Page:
It may be argued, however, that there would be no such marked difficulties in the way of correlating neural processes successfully in the inheritance of a biological mutation, since presumably marked changes can go on in the neural structure without affecting the essential correlation of the vital or vegetative processes of the organism. In fact, through learning we do produce just such modifications of structure and functions as result in habits which are mistaken for instincts. Both these facts may be admitted without affecting our contention of the improbability of complex instincts arising by mutation. We do produce such modifications on the basis of habit and they occur without harm to the organism as a whole, except in so far as the character of the adjustments implied in the organization of the activity or value complex is injurious. The real difficulty in explaining the organization of complex instincts on the basis of "spontaneous" or "accidental" mutational variations is one of accounting for so complex and, at the same time, so definitely adapted a series of activities or values purely on the basis of chance. It is scarcely within the limits of probability to suppose that it could occur, at least with any considerable degree of frequency. The acquisition of such a neural complex through spontaneous mutation, by a large number of people, would involve a combination of traits, the uniqueness of which can best be illustrated by the statistical occurrence of, say, a certain combination of dice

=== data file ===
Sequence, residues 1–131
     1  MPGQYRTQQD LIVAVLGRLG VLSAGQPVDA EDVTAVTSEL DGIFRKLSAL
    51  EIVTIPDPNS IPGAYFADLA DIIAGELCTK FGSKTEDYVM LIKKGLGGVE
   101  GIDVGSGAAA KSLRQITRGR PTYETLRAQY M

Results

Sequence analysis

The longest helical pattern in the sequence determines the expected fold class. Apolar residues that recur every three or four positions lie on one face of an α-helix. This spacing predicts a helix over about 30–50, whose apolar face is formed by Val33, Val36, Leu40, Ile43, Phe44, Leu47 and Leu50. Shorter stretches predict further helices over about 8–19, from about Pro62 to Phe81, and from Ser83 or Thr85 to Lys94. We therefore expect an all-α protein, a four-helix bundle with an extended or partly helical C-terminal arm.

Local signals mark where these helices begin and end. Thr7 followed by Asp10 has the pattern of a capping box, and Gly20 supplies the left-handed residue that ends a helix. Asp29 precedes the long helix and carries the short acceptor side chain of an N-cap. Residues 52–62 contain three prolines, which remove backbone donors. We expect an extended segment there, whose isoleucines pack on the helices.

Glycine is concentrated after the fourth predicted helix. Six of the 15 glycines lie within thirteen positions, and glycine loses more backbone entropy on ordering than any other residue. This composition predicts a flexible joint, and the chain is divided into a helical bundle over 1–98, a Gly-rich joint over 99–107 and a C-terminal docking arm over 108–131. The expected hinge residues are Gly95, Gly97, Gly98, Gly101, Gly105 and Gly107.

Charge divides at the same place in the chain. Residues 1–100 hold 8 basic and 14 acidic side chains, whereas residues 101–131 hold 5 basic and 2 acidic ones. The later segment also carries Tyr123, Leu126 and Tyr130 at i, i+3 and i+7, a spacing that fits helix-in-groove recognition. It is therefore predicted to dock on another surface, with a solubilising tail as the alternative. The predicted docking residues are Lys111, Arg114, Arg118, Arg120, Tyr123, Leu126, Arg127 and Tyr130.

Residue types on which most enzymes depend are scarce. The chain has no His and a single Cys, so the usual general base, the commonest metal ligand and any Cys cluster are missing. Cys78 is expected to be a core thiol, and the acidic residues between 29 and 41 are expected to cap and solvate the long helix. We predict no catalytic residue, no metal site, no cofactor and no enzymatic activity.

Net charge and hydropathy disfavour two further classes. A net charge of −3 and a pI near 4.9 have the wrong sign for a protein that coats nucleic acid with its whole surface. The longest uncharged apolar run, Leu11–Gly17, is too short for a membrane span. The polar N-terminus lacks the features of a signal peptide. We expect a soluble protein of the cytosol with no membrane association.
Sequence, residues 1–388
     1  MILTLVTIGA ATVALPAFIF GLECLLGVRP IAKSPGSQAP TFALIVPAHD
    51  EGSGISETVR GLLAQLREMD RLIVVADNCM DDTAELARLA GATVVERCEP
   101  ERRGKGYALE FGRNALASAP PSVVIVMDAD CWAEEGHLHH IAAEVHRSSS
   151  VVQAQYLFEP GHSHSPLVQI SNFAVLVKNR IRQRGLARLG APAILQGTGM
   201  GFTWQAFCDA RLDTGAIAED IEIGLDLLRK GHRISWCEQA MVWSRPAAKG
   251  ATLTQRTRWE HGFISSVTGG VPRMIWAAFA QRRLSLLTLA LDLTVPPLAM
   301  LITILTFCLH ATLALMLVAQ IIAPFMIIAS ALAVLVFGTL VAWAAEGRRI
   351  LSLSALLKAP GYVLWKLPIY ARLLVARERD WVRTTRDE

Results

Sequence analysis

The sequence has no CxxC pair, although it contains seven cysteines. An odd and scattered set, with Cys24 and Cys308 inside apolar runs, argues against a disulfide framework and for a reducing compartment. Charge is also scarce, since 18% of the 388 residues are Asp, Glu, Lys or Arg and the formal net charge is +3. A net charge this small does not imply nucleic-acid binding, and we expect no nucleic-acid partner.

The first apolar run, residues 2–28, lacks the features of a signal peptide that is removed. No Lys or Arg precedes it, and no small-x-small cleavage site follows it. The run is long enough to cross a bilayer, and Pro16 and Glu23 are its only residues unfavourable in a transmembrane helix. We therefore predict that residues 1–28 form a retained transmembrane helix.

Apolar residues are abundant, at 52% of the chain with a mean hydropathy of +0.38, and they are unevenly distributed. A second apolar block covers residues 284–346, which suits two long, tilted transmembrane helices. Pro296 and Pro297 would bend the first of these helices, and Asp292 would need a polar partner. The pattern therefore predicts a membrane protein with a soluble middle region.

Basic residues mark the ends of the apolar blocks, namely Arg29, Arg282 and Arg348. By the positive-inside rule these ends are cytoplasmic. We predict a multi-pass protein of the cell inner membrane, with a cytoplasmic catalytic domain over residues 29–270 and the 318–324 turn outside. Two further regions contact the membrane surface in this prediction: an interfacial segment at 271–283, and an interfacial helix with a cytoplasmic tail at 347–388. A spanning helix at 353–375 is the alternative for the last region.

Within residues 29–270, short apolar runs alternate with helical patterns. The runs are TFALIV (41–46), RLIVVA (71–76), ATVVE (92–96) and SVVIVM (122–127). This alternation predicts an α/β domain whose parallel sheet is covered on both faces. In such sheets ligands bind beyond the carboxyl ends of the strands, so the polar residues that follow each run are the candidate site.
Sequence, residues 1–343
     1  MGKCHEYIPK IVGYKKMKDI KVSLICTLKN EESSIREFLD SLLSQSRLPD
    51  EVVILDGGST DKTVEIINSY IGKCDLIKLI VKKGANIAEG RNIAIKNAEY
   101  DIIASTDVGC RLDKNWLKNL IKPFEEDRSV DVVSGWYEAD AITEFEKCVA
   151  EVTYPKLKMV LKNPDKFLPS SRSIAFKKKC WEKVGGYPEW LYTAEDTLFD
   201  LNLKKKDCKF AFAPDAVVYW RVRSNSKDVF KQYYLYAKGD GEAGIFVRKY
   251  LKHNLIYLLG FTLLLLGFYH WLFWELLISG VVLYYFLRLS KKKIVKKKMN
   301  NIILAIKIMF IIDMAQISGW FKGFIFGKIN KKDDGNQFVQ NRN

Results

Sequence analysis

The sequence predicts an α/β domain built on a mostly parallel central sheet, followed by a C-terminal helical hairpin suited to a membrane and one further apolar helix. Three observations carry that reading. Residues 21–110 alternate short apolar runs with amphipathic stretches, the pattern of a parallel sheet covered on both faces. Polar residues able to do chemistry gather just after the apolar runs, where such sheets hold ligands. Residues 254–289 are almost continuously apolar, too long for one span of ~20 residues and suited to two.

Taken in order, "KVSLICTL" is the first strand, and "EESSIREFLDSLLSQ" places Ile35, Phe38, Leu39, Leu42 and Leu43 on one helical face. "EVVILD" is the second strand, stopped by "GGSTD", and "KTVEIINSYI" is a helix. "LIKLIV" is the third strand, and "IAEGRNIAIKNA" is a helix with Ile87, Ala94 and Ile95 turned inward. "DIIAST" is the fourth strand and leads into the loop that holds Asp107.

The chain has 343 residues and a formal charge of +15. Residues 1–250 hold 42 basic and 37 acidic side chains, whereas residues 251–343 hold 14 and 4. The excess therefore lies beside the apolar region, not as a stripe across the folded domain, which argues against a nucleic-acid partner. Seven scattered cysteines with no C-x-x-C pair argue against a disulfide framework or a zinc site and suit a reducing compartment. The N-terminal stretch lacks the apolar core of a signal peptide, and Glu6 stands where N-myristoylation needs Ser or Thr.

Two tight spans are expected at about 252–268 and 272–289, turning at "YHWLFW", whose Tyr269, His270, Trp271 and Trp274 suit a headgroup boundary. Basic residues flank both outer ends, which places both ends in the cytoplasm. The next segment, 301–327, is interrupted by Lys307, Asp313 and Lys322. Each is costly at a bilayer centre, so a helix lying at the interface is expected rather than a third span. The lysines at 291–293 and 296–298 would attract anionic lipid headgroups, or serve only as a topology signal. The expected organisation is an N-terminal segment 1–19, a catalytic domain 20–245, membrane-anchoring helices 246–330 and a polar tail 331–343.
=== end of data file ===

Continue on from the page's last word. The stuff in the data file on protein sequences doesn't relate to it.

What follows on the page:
( 426) several hundreds or thousands of times in succession. An instinct to murder, or to tell the truth or to be proficient in chemistry, if it is really what it purports to be, instead of being some simple basic neural or anatomical structure or physiological condition which facilitates the acquisition of these dispositions as habits, would have in it several thousand, possibly in some cases several millions, of neural dispositions. All of these would have to be connected in the right order and proportion, otherwise the complex would not function effectively; it would be a mental aberration rather than a compact system of logical adjustments. It is the problem of linking all these neural processes together in the correct system which is as difficult and as exceptional as that of throwing the seven or eleven tens of thousands of times in succession. Perhaps a better analogy would be found in the assumption of having ten thousand or one hundred thousand sets of dice thrown at once and having the same number come up in each set. It is such a miracle as this which would have to be performed if a very complex social valuation or disposition appeared as an instinct through chance mutation. It might conceivably occur, but it would be so remarkable that we would not be justified in assuming its occurrence very frequently. Its improbability should also cause us to look sharply for hereditary connection between those who possess the trait before we assumed its inheritance. But if it should occur occasionally, certainly we should not expect it to appear simultaneously in a vast number of people.